How do you work out what in a neighbourhood plan is in general conformity with the strategic policies and what isn't?

General conformity is a well established principle in planning, it tends to indicate that an idea or issue is in general conformity if it upholds the general principle of the idea or issue it is concerned with. This is a matter for each local council to determine.

Where does it say that the policies in a neighbourhood plan have to be evidence based and deliverable (or do they?)

Neighbourhood plans must have appropriate regard to national policy, including the National Planning Policy Framework and any evidence requirements set out in this.

Neighbourhood forums and parish councils will need to use appropriate, proportionate and up-to-date evidence to support the policies in a proposed neighbourhood development plan.

If a neighbourhood plan allocates sites for development can a land owner object at examination if his site is not allocated?

The Government is aware of the need to ensure that neighbourhood planning is as inclusive as possible. Regulations will set out the requirements for consultation with, and participation by, local people and others in the development of proposals.

There will be the opportunity for all affected by proposals to make representations to the independent examination. The general rule is that examinations will be by written representations, examiners will have the ability (indeed will have a duty) to hear oral representations, where necessary, to ensure adequate examination of issues or to ensure a person has a fair chance to put a case.

Do ward councillors have to be involved in any neighbourhood planning for their area?

They don't have to be, but it is advisable and expected. Experience from the neighbourhood planning front runners is that where members are involved they play a key role and can help progress the work significantly - giving it profile with the community and within the wider council and helping to access resources for the work.

Do town/parish councils make the final decision on all new development in their area if they have a neighbourhood plan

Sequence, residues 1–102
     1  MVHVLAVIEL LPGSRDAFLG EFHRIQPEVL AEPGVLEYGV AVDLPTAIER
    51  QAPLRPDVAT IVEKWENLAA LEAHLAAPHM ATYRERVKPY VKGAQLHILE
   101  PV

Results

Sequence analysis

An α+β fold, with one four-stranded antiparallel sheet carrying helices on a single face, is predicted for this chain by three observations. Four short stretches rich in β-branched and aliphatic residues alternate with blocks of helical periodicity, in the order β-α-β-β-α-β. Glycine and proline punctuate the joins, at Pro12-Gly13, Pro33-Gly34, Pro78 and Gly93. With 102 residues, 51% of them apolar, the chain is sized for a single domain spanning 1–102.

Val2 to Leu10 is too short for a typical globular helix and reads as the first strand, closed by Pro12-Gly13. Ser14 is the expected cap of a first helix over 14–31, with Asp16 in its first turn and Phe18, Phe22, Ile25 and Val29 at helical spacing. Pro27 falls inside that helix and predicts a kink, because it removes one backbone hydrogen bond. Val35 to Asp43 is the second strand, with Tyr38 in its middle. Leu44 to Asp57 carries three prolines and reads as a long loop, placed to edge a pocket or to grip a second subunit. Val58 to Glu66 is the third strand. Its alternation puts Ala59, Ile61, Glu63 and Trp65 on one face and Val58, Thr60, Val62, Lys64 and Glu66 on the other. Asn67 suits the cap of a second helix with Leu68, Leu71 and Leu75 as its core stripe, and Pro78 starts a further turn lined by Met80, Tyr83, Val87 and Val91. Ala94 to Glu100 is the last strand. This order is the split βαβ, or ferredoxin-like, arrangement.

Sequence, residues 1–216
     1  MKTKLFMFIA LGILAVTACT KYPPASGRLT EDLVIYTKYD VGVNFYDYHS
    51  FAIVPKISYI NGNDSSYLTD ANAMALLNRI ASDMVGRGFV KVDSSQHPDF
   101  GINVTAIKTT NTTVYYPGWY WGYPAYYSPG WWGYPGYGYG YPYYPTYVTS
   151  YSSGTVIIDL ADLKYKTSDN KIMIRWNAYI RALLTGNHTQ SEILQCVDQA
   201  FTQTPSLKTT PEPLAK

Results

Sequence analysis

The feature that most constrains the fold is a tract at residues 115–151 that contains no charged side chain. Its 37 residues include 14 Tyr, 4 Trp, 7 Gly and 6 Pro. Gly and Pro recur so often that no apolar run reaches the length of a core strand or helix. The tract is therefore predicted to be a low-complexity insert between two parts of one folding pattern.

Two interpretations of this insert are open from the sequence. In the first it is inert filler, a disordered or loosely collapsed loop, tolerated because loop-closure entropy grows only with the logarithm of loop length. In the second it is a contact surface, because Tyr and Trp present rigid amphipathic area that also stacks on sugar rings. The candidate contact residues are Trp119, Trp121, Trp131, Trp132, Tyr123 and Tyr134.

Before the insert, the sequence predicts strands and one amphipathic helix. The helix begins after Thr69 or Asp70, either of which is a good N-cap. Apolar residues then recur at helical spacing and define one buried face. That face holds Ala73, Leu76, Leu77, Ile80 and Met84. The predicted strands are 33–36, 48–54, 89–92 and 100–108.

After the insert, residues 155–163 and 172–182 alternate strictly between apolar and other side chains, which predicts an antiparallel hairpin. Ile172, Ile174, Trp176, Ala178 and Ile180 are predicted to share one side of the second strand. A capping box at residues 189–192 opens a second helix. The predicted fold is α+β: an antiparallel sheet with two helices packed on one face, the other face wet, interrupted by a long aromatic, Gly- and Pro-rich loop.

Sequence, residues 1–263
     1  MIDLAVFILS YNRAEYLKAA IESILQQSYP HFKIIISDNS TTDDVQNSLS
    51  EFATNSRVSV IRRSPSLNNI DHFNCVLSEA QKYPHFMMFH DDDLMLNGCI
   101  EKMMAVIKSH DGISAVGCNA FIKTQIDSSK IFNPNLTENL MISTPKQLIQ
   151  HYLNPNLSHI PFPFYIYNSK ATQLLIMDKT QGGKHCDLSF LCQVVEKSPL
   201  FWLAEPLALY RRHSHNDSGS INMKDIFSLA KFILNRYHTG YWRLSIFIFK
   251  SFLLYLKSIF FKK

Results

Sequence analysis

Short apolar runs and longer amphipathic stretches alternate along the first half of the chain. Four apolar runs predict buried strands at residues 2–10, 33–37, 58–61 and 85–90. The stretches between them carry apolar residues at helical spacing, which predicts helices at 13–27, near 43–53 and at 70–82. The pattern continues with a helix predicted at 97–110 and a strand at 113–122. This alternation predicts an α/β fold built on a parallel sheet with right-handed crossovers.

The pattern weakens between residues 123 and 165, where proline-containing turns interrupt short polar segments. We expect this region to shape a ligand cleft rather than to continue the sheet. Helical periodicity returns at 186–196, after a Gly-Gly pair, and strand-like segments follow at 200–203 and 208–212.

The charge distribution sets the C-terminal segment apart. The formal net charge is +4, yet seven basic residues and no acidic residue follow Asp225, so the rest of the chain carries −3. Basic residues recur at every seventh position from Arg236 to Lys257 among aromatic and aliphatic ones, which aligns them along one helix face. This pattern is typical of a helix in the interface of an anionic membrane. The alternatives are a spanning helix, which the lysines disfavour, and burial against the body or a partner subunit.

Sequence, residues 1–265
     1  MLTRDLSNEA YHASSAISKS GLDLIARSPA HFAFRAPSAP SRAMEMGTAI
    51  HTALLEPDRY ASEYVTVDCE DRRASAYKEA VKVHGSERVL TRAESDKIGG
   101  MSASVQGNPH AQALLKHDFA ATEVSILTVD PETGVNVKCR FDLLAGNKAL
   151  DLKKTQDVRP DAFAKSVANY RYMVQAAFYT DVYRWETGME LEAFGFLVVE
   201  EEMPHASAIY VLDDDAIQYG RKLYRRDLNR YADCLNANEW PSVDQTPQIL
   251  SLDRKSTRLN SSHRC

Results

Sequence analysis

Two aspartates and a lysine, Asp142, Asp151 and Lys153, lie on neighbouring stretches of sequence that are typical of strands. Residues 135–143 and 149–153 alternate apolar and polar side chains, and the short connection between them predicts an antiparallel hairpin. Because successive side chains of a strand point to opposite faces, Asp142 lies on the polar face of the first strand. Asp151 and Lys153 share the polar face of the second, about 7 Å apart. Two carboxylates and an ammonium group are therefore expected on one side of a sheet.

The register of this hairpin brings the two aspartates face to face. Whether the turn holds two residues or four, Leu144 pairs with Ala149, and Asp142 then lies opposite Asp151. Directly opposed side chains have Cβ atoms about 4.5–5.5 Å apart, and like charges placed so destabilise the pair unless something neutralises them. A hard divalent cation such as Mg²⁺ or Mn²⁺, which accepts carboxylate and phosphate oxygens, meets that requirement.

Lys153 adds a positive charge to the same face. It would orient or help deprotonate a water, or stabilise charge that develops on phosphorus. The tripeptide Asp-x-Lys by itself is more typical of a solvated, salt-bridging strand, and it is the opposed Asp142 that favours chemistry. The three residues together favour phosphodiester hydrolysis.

Decision making on planning applications rests with the local planning authority. The community leads on preparing the plan and setting out the policies for development in their area but it is the LPA that will grant planning permission in accordance with those policies and be responsible for enforcing them.

The Localism Act contains provisions entitling a Parish Council, in prescribed circumstances, to determine applications for approvals where these relate to a Neighbourhood Development Order. Proposed new regulations are currently being consulted on.

Will Town / Parish councils be responsible for any appeals on decisions in the plan area and responsible for enforcement issues on new development in their plan area

As above this will be the responsibility of the local planning authority

Do the LA get to keep £20,000 grant from DCLG to the front runners?

The Neighbourhood Planning Front Runners Scheme awards a grant of £20,000 per neighbourhood plan area to local planning authorities in England to assist them with undertaking a neighbourhood-level planning exercise akin to that envisaged under the provisions for neighbourhood planning under the Localism Act.

The purpose of the Frontrunners project is to mimic the arrangements under neighbourhood planning as closely as possible so as to increase the likelihood of identifying issues that will arise under the procedures envisaged for neighbourhood planning proper. However, the funding is not a ring-fenced grant and it is for the councils to decide how they choose to spend this money.

How can I resource neighbourhood planning work in my area?

The Government realises that the neighbourhood planning system imposes costs, opportunities and benefits on local councils, town and parish councils, communities and other key partners. It is committed to providing £50 million until March 2014 to support local councils in making neighbourhood planning a success.

The Government is also looking at what support can be made directly available to town and parish councils and communities more generally to help support neighbourhood planning activities and hope to make an announcement shortly.

To ensure communities have the right support and advice to meet their aspirations, on 13 April the Government announced four organisations, with renowned expertise in planning, who will share a £3.2m fund to provide assistance to local groups developing neighbourhood plans.

These are: